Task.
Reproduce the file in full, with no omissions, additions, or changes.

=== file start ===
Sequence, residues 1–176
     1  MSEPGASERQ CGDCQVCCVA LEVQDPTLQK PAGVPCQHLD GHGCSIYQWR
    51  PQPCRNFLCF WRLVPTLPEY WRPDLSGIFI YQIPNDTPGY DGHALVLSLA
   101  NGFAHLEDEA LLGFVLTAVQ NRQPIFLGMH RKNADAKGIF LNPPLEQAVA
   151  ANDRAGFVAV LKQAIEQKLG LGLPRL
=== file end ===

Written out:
Sequence, residues 1–176
     1  MSEPGASERQ CGDCQVCCVA LEVQDPTLQK PAGVPCQHLD GHGCSIYQWR
    51  PQPCRNFLCF WRLVPTLPEY WRPDLSGIFI YQIPNDTPGY DGHALVLSLA
   101  NGFAHLEDEA LLGFVLTAVQ NRQPIFLGMH RKNADAKGIF LNPPLEQAVA
   151  ANDRAGFVAV LKQAIEQKLG LGLPRL